- Novartis discussed the role of digital health at the European Respiratory Society Congress in September 2015.
- Technologies, such as a necklace that monitors COPD symptoms and earrings that monitor oxygen saturation have been developed to benefit patients.
- In the future, technologies could help create a “smart house” for people living with COPD to deliver 360-degree patient care.
The convergence of digital technologies and healthcare, or “digital health,” is a hot topic. But what does digital health mean for people living with chronic conditions like chronic obstructive pulmonary disease (COPD)?
Helping patients find their “new normal”
We discussed this question with a group of patients at the European Respiratory Society Congress during the third part of our Respiratory Open Dialogue Series that took place in Amsterdam in September 2015. They shared that patients don’t want to be reminded daily that they are living with a serious condition. So for people with COPD, digital solutions offer the opportunity to establish a “new normal,” whether that means learning about their condition, engaging with a doctor, or even receiving treatment.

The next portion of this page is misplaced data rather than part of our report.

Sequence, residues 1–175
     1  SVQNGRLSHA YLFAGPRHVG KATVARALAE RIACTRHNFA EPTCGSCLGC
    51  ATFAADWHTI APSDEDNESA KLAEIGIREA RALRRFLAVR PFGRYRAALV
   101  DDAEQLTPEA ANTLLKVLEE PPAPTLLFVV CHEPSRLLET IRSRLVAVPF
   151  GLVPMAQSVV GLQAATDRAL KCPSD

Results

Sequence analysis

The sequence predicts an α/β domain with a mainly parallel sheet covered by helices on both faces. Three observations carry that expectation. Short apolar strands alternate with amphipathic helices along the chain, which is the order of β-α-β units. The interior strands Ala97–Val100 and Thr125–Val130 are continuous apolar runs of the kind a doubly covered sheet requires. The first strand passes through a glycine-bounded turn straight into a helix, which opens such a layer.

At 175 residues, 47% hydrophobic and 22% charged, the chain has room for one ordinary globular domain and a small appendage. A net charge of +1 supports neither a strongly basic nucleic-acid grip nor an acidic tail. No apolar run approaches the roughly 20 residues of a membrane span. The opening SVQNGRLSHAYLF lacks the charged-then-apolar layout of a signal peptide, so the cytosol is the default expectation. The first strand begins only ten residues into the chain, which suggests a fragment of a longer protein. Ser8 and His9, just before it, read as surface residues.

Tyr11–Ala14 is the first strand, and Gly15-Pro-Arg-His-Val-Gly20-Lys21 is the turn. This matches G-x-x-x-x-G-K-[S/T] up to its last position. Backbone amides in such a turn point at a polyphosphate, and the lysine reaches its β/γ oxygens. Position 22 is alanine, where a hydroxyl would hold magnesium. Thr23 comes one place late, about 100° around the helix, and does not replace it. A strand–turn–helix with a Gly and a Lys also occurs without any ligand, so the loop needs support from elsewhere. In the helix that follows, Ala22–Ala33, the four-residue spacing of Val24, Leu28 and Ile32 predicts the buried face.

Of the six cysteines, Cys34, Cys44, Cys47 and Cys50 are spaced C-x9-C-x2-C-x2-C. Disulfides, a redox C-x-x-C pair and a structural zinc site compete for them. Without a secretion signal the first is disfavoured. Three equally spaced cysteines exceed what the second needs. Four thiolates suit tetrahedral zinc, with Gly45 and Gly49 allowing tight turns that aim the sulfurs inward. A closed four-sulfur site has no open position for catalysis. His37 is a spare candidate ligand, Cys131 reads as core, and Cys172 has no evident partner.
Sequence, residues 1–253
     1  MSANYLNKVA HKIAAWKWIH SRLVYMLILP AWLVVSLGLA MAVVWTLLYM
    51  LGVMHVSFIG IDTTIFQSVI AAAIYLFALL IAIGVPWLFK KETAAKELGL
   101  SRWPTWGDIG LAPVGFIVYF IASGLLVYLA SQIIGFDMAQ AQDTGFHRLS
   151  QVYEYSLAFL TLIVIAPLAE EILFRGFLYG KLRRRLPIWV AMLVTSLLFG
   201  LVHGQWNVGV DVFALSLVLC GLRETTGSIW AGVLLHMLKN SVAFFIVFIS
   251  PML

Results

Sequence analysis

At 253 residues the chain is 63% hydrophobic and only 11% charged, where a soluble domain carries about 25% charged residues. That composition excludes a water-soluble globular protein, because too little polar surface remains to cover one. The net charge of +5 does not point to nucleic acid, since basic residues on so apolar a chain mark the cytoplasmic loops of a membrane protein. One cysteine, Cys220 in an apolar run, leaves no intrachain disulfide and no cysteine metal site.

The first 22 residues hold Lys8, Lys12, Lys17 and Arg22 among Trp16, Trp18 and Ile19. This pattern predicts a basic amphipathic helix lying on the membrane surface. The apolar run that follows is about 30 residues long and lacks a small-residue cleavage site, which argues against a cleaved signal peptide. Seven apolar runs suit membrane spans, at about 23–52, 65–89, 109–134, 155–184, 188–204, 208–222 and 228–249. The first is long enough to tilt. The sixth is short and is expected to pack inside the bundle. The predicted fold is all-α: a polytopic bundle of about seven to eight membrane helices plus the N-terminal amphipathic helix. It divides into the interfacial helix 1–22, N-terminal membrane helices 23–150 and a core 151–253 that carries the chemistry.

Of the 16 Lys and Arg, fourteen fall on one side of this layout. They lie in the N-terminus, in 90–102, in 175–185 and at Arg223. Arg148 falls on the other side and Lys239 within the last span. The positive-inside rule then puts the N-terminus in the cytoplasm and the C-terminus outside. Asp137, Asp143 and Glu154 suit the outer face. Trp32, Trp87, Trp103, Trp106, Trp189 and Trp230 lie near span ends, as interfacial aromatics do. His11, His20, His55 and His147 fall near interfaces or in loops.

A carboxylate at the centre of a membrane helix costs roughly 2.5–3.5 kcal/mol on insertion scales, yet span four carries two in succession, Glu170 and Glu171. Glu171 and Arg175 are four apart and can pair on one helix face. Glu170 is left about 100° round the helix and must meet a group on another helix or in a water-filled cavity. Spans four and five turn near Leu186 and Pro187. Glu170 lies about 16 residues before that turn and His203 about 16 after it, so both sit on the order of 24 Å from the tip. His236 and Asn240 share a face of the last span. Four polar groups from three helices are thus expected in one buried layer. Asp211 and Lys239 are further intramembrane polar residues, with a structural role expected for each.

Technology, of course, is no substitute for care from a doctor or support from a loved one, but we’re developing new technologies that make it easier for people living with COPD to establish their new normal.
Creating a “smart house” for people living with COPD
Our involvement in the COPD Crowdshaped hackathon has led to the creation of several potential new technologies that could benefit patients. Two examples are a necklace that monitors COPD symptoms and earrings that monitor oxygen saturation. These inventions build on existing technologies while potentially adding more value for people with COPD.
In collaboration with patients, physicians, designers, technicians and engineers, we are developing a variety of projects for respiratory patients. They include the Air Smart Spirometer, a spirometer that helps doctors collect valuable information about their patients’ COPD via a connected smartphone. This is just one example of how we’re leveraging digital technologies to help patients.
In the future, technologies like those used in the Air Smart Spirometer could help create a “smart house” for people living with COPD, integrating seamlessly throughout the home to deliver 360-degree patient care.